Bangui (Central African Republic) (AFP) - Text messages in the Central African Republic are now considered a security threat and their use has been suspended, the telecommunications ministry said Tuesday.
Mobile phone users in the Central African Republic who try to send text messages are getting the response: “SMS not allowed”.
"The use of any SMS by all mobile phone subscribers is suspended from Monday June 2, 2014, until further notice," the ministry said in a letter to mobile phone operators in the conflict-torn country.
It said the decision was made by Prime Minister Andre Nzapayeke. Since last week there has been a resurge of violence in the capital Bangui, as well as a call for a general strike relayed by SMS in the past few days.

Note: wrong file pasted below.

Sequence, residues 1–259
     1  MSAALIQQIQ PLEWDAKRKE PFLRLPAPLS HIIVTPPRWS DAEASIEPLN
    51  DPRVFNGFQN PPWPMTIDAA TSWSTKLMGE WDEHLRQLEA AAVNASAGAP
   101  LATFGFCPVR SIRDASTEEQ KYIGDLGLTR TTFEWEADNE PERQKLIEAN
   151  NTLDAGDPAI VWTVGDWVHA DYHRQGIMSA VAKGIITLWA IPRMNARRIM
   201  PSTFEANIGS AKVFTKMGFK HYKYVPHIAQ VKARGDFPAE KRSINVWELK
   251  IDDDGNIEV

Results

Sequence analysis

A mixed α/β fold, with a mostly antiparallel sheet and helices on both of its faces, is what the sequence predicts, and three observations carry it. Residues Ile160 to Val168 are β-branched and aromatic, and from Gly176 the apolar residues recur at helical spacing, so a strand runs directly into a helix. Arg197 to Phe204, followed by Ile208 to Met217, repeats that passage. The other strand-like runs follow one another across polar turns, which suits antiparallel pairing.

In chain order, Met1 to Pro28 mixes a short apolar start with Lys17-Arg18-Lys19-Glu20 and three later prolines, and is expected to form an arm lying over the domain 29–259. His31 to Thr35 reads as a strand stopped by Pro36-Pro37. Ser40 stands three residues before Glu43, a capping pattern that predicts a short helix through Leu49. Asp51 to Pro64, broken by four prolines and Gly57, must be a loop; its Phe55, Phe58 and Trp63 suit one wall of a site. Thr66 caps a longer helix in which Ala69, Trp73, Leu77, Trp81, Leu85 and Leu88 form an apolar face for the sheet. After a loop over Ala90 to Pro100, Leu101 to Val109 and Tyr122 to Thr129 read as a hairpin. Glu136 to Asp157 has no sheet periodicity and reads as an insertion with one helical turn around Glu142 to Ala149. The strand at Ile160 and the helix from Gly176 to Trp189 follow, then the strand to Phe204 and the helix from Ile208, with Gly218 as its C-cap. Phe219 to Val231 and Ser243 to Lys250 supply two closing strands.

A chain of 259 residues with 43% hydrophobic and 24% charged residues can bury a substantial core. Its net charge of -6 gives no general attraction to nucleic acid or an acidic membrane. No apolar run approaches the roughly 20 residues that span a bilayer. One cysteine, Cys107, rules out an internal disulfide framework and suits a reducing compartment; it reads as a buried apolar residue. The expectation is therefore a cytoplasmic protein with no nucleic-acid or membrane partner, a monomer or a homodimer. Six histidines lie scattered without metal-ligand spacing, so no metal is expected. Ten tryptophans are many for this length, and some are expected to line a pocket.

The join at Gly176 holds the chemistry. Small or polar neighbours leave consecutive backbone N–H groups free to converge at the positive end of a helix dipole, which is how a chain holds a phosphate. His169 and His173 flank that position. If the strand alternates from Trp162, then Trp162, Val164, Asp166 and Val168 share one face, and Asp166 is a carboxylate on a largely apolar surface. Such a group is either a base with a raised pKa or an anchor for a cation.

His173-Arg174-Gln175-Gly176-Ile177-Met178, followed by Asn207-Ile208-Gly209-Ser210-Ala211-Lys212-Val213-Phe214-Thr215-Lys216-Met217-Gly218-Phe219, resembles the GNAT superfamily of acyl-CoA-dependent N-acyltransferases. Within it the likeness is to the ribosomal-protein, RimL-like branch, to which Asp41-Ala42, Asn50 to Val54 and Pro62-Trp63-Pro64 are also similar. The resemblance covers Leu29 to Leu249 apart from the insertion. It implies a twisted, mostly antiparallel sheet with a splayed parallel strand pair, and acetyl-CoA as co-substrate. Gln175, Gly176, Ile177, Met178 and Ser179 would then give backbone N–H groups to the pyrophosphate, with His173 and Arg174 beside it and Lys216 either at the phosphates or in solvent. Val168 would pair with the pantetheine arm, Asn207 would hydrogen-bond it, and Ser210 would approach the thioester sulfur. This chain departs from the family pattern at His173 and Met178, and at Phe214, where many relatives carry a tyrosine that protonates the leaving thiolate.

Nzapayeke on Sunday had made an appeal for people to return to work in Bangui following several days of protests that had paralysed the capital.
A source in the government told AFP the suspension of text messages would last “for several days”.
When AFP in Bangui tried to send a text, that message appeared: “SMS not allowed”.
The deeply impoverished, majority Christian country has been struggling to restore security in the face of relentless tit-for-tat attacks between Christian vigilante groups and mostly Muslim ex-Seleka rebels who seized control in a coup last year but were forced from power in January.